Saturday, 1 August 2015

Saturday, 1 August 2015

Wills – a new opportunity for French owners & buyers

Since I started selling houses in 2002, one of the biggest challenges as an agent has been advising buyers about the Napoleonic Code legislation, and how it could impact upon the ownership of a property in France.

Do nothing, and the Notaire will draft the Deed, and therefore the succession plans the traditional French way. The problem is that the French do not traditionally pass the house to a survivor upon the 1st death for a couple. They see this as disinheriting their children. There has always been a way around this, either using a ‘tontine clause’, or by a marriage contract called ‘communauté universelle’, that generally insured a jointly owned property would pass to the survivor.

From 17th August, it is going to be possible under new European regulations to allow EU citizens to choose whether the law applicable to their succession should be that of their habitual residence or that of their nationality. This is a major opportunity for people to get their “house in order”, (sorry for the pun), and decide how they wish to leave their property estate. It is important to get professional guidance and we expect Notaires to be busy assisting clients old and new with their arrangements. Please note this only impacts upon the succession, and does not change the laws relating to taxation.

Previously, in the absence of any other arrangements, the property would have been divided as follows :

Inheritors The « Réserve » Freely Disposable
Spouse 1/4 of estate 3/4 of estate *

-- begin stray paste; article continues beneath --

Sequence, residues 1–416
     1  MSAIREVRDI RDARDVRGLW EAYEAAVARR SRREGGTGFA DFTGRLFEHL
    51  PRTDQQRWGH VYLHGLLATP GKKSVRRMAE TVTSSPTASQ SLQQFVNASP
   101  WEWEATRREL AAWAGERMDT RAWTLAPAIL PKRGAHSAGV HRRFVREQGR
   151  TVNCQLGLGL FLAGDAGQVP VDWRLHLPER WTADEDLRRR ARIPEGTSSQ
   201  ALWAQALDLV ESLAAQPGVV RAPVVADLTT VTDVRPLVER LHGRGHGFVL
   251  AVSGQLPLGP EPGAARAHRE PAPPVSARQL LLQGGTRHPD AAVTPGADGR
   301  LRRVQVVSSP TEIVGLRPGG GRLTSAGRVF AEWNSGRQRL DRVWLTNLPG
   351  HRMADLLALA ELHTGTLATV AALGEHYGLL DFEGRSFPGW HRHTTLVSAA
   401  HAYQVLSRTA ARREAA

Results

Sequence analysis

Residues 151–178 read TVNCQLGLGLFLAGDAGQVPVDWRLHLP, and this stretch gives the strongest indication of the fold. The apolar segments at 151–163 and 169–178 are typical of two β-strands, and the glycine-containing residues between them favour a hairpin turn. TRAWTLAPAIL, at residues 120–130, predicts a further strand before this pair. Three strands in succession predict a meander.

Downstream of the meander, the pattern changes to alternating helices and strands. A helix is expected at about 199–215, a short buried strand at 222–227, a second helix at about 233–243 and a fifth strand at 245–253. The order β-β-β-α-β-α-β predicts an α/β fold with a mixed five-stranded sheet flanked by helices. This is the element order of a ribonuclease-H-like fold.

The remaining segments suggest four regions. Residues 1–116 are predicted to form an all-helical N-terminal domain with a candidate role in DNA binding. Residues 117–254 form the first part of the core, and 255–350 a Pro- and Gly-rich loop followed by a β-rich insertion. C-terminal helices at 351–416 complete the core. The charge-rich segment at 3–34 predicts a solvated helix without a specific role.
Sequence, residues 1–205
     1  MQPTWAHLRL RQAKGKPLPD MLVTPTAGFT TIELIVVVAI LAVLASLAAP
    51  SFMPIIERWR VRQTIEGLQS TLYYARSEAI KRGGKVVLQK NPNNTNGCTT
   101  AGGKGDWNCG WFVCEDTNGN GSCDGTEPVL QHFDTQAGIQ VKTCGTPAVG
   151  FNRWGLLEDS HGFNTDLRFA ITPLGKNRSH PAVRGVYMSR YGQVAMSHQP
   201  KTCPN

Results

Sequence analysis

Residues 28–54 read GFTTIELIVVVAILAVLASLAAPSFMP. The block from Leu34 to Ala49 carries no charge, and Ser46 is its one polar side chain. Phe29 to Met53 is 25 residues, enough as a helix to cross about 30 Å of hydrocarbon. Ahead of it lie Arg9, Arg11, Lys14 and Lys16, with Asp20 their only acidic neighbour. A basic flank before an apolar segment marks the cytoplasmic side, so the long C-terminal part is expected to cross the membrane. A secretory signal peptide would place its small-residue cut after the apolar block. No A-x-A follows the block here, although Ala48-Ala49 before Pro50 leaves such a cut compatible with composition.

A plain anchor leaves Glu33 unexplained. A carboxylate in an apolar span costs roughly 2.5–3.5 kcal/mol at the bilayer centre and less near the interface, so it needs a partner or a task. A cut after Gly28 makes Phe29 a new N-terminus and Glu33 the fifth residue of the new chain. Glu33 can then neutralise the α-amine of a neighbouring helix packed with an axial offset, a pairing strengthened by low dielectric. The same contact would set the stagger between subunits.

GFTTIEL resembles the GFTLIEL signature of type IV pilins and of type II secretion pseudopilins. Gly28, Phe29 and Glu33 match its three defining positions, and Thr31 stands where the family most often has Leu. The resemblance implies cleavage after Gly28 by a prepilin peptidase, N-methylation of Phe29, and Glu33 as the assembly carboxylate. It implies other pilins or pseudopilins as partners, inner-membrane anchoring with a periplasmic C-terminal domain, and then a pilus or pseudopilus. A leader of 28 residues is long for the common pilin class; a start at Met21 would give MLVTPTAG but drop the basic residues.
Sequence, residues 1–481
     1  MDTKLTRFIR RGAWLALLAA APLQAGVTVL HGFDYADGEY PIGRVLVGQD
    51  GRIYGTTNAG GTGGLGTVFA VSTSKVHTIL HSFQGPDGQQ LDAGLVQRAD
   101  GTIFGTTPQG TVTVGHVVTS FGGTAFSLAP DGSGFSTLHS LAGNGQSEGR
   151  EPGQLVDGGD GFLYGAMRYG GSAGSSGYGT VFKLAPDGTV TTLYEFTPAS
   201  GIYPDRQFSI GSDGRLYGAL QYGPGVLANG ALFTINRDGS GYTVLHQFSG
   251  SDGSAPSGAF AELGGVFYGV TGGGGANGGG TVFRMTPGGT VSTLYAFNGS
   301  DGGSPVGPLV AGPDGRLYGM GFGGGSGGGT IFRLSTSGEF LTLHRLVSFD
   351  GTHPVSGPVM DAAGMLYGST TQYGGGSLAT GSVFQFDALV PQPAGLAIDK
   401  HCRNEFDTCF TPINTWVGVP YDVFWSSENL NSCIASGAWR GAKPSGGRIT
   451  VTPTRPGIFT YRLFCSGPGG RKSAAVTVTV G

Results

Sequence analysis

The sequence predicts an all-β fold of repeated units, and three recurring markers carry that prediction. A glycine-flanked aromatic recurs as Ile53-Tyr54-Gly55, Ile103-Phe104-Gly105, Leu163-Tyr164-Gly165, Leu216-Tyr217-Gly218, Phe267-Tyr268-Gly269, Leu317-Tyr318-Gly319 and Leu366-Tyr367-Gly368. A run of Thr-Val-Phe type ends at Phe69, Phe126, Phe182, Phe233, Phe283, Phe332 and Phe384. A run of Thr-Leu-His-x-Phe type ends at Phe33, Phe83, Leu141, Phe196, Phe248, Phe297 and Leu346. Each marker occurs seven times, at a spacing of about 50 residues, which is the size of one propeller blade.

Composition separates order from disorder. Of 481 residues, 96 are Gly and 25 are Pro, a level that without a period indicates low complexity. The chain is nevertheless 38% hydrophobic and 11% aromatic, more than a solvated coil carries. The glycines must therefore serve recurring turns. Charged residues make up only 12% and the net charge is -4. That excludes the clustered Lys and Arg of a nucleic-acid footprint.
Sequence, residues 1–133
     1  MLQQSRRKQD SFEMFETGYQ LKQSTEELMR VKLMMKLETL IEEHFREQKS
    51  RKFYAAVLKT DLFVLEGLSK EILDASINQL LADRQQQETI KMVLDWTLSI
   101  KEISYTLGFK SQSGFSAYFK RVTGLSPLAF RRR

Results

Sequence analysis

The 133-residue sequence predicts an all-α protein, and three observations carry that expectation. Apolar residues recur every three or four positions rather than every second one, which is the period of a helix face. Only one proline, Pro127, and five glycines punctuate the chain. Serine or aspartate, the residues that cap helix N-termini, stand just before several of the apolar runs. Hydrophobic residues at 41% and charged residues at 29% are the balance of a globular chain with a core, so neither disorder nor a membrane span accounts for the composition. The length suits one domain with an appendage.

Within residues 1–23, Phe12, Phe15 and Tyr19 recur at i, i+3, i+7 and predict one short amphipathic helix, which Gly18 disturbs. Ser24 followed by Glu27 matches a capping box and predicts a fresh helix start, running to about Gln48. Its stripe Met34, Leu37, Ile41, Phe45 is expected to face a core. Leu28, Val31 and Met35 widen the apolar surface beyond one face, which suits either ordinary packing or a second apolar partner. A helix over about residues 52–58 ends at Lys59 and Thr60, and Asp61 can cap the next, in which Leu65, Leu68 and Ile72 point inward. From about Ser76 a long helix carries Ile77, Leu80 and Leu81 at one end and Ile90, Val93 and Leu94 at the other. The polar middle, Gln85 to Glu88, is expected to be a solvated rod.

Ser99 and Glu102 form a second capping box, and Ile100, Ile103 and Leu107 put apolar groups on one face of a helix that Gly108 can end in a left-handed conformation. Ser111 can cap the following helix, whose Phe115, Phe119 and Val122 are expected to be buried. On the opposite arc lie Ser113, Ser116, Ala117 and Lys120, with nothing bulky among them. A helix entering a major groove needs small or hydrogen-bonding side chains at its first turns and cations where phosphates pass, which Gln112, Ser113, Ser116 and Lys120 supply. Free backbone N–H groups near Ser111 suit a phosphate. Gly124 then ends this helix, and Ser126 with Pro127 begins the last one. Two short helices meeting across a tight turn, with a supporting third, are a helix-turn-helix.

One Child 1/2 of estate 1/2 of estate
Two Children 2/3 of estate 1/3 of estate
Three Children 3/4 of estate 1/4 of estate

* Only freely disposable if there are no children, as they are ‘protected heirs’.

In July 2012 the European Parliament and the Council of the European Union adopted regulation 650/2012, ‘Jurisdiction, applicable law, recognition and enforcement of decisions, and acceptance, and enforcement of authentic instruments in matters of succession’. Commonly known as Brussels IV, it was devised to provide increased flexibility in deciding which law would apply in governing succession. The Regulation is binding on all E U member states - except for the UK, Ireland and Denmark who have opted out. This could impact upon French nationals living in the UK, but not UK nationals living in France, so British expatriates in France can choose UK law if they wish. UK residents with property in France, the applicable law will be that of their habitual residence – the UK.
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